I am recovering from an outpatient surgical procedure. No, not cataract surgery because my life has more detours than the Michigan Department of Transportation. Setting up medical procedures has been difficult because my support system of family and friends has disappeared due to perfectly reasonable excuses such as death, job relocations, major medical problems, family responsibilities, and acts of God (ice storms that close airports or land doctor’s cars in ditches).
I would have enjoyed a brief pity party, but…. On what has become a “normal” day, the man I’ve hired to drive and read for me for several years, looked over the steering wheel and out the window while casually telling me that he had emergency surgery to remove a tumor from his spine, had been in the hospital for a few days, and would start chemotherapy. I was in shock and uncharacteristically speechless. A few days later, I tactfully called to ask what days he would be available to work for me. I expected him to say that he would not be available. Instead, this career Marine who is now in his late 80s told me the days he would be able to work for the next four months.
This man inspired me to move forward with the removal of a polyp in the uterus that was discovered after I read a Talking Book from the NLS Library for the Blind and Physically Handicapped about gastrointestinal problems. I’ve had every possible GI test over the past three years and worked with two nutritionist to try to find anything that was causing symptoms. The book I read in desperation said that female problems can mimic GI problems. After menopause, doctors schedule regular, yearly mammograms but often tell women that they don’t need gynecological exams. WRONG! Yearly exams are still needed according to my wonderful gynecologist and surgeon. Her nurse also gave me a diet used by women who have morning sickness (soft and bland) since my body was having the same mild symptoms that it did when I was pregnant more than 40 years ago.
My driver was not available for this procedure, but I found a volunteer at my church, a woman in her mid-70s who would go with me to the procedure, take me to her condo to rest, and keep me overnight if that were necessary. Things were going well until the morning of the procedure. I couldn’t find my shoes. When I located them, I bent down and whacked my head with the handle of my briefcase on wheels. My helper experienced last minute surprises before leaving home too. We were now both on high alert—and needed to be.
As I was surrounded by medical professionals ready to take me to surgery, my helper got a call from her daughter who had gone to Urgent Care because she was not feeling right. Urgent Care said her blood pressure was excessively high and had her drive to the Emergency room. I immediately asked for a chaplain or someone who could stay with me while my helper went to the ER. Knowing how long it can take to get admitted to ER and that my procedure would have to be canceled if she did not stay, my helper decided that my procedure should continue on schedule.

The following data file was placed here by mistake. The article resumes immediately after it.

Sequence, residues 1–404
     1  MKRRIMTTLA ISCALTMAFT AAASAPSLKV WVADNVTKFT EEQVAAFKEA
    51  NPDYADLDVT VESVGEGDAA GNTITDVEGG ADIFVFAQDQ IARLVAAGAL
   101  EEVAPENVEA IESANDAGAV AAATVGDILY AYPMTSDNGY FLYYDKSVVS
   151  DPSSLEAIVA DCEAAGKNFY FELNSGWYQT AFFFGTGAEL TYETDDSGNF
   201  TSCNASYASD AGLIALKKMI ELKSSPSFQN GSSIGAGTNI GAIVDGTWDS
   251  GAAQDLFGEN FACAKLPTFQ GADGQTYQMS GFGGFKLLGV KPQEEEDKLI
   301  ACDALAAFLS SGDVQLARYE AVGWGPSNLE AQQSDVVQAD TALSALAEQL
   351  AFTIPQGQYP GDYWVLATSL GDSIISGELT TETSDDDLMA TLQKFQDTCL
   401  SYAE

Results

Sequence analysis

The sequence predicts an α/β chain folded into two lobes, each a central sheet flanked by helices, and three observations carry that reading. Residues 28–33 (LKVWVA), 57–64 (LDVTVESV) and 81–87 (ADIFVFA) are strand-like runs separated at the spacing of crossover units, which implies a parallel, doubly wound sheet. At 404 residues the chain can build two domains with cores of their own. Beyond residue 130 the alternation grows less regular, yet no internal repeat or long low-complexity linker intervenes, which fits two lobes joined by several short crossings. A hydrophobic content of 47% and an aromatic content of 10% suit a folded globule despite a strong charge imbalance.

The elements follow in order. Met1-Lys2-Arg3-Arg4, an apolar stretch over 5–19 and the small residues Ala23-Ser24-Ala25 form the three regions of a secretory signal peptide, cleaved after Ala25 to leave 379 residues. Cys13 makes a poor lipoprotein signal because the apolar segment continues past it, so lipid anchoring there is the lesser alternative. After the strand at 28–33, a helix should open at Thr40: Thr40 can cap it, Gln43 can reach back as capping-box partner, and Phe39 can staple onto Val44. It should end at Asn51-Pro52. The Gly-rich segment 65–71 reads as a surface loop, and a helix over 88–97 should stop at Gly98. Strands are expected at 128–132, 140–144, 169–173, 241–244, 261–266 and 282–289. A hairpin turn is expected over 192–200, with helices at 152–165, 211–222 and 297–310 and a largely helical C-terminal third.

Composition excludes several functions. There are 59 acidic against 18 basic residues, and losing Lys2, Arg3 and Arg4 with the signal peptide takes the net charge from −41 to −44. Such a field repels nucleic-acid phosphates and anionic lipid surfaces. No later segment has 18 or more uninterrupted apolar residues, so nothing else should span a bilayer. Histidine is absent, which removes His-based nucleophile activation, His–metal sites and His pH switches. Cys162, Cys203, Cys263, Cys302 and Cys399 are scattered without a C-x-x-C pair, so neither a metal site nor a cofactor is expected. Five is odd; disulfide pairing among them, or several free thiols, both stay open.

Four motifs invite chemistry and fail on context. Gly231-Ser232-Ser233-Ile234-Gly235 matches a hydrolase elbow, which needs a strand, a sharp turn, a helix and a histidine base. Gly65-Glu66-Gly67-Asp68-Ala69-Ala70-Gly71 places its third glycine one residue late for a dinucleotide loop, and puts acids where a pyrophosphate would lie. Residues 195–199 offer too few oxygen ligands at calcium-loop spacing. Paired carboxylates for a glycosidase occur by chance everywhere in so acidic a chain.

I loved being under anesthesia. I was not eager to wake up and face whatever new surprises were waiting in the wings, but I was not overmedicated and learned quickly that my helper’s daughter was scheduled for brain scans. A few hours later as we tried to relax and watch a movie, her daughter called to say that a cyst was found, more tests would be done, and surgery would be performed that day. My helper dropped me off at home on her way to the medical center where successful surgery was performed later in the week.
After several days that seemed to have many more hours than just 24, test results indicated that the polyp and other tissue that were removed were benign. One of my favorite writers, Nora Ephron who wrote Heartburn and the script for My Blue Heaven, was reported to have died of complications from ovarian cancer. This disease is often fatal by the time it is diagnosed. Nora Ephron did not save my life, but her medical history made me pursue the possible causes of my GI symptoms aggressively after I read the Talking Book about GI diseases and their causes. I encourage anyone who is using Talking Books to become an active participant in their help care by doing subject searches of any medical concerns they have. There are also plenty of books on self-help, wellness, nutrition, exercise, aging, retirement, finances, and government policies. Congresswoman Debbie Dingell from Michigan who found hiring caregivers for her husband, the late Congressman John Dingell difficult has now made the needs of patients and caregivers a major priority and is an advocate for change.
I have always preferred comedy to tragedy and have learned from the best by watching the Nora Ephron interview at Drexel University on YouTube and by reading her commencement address at Wellesley. The Most of Nora Ephron is available from the NLS LBPH for anyone who believes as I do that laughter is the best medicine while living with low vision.